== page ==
Baxter - BV4831 84 F3 1830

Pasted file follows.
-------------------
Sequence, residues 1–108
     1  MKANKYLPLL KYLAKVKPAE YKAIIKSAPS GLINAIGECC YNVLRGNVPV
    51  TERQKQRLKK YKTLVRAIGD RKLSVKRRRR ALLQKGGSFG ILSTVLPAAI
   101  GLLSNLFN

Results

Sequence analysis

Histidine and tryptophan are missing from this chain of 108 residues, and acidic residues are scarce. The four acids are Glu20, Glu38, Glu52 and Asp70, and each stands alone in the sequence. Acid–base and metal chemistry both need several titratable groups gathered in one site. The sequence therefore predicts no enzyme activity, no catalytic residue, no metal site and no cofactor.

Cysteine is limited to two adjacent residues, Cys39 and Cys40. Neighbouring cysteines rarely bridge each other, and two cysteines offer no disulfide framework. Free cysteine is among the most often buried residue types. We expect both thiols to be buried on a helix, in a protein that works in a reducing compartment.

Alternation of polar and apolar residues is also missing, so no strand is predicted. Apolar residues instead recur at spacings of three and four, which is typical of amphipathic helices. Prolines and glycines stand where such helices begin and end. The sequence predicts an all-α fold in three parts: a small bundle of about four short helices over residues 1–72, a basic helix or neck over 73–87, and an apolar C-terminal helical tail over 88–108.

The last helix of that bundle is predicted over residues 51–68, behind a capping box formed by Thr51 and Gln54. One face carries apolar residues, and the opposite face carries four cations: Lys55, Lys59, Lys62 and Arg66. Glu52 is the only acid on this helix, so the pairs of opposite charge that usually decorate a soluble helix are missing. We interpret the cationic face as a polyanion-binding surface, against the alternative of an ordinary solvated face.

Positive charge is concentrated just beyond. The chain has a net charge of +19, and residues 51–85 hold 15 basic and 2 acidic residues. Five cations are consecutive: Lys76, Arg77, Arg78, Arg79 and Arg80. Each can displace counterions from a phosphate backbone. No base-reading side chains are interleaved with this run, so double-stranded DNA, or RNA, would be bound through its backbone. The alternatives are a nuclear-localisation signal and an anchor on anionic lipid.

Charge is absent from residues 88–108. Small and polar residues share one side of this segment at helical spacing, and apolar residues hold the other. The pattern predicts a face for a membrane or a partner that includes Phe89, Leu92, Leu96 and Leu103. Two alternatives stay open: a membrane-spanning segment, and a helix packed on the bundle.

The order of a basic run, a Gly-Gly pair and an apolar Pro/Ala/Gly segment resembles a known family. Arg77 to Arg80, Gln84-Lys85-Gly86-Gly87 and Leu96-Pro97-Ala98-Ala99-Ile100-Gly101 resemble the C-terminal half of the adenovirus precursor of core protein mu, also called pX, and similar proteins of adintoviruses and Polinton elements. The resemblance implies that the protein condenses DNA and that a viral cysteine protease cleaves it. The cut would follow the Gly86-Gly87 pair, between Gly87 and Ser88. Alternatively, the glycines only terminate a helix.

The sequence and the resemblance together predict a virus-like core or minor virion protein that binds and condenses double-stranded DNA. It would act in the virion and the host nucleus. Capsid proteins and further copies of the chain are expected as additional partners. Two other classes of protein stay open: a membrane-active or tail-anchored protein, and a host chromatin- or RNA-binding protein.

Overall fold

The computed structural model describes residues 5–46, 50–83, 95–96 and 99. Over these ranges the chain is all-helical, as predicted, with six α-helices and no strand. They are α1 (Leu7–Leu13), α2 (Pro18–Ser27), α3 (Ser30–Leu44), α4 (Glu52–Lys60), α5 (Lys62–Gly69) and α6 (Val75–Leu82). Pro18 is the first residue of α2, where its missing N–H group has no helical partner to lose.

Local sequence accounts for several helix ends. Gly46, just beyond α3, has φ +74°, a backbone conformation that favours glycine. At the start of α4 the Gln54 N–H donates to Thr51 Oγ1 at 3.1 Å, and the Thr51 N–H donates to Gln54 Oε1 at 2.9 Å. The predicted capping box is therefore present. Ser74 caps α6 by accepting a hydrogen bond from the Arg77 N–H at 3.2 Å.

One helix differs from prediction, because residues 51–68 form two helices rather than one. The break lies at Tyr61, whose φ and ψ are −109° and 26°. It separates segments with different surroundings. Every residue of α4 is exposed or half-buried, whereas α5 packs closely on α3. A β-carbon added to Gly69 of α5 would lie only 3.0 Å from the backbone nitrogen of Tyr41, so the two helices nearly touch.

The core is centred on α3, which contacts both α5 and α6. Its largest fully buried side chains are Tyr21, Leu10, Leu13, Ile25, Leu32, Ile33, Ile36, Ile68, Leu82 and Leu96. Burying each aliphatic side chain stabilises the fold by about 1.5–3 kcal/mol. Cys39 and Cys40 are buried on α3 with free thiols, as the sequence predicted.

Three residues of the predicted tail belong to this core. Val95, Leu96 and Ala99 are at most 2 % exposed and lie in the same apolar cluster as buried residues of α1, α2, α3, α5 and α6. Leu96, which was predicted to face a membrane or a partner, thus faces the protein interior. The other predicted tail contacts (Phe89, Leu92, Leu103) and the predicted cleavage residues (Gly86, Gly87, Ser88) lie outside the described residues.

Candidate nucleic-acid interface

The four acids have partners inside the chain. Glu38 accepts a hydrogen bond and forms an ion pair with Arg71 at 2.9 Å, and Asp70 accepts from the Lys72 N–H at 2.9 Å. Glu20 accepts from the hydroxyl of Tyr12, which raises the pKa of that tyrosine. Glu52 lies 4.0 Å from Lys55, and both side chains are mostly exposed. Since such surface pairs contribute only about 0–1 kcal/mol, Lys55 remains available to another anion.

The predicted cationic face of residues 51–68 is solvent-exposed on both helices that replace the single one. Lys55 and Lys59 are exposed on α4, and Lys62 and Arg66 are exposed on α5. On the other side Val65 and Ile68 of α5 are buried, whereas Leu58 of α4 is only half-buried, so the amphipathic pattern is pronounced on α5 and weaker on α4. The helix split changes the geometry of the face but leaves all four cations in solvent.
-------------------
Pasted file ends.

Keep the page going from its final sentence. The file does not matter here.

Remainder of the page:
120 OUR TITLE TO [Chap. 8. As an infant bath life before the knoweth it, and many mis- apprehensions of himself and other things, yet it will not follow that he bath no life. So when Christians find a flaw in their first comforts, they are not to judge it a flaw in their safety. Many continue under doubting, through the exceeding weakness of their natural parts. Many honest hearts have weak heads, and know not how to perform the work of self-trial. They will acknowledge the premises, and yet deny the apparent conclusion. If God do not some other way supply the defect of their reason, I see not how they should have clear and settled peace. One great and too common cause of distress is, the secret maintaining of some known sin. This abates the degree of our graces, and so makes them more undiscernible. It obscureth that which it destroyeth not; for it beareth such sway that grace is not in action, nor seems to stir, nor is scarce heard speak for the noise of this corruption. It puts out or dimmeth the eye of the soul, and stupifies it, that it can neither see nor feel its own condition. But especially it provokes God to withdraw himself, his comforts, and the assistance of his Spirit, without which we may search long enough before we have assurance. God hath made a separation between sin and peace. As long as thou dost cherish thypride, thy love of the world, the desires of the flesh, or any unchris- tian practice, thou expectest comfort in vain. If a man " setteth up his idols in his heart, and putteth the stum- bling-block of his iniquitybefore his face, and cometh" to a minister, or to God, " to inquire" for comfort, instead of comforting him, God " will answer him that cometh ac- cording to the multitude of his idols." Another very great and common cause of the want of comfort is, when grace is not kept in constant and lively exercise. The way of painful duty is theway of fullest comfort. Peace and com- fort are Christ's great encouragements to faithfulness and obedience; and therefore, though our obedience does not merit them, yet they usually rise and fall with our diligence in duty. As prayer must have faith and fervency to pro- cure it success, besides the blood and intercession ofChrist, so must all other parts of our obedience. If thou grow seldom and customary, and cold in duty, especially in thy secret prayers to God, and yet findest no abatement in thy joys, I cannot but fear thy joys are either carnal or diabo-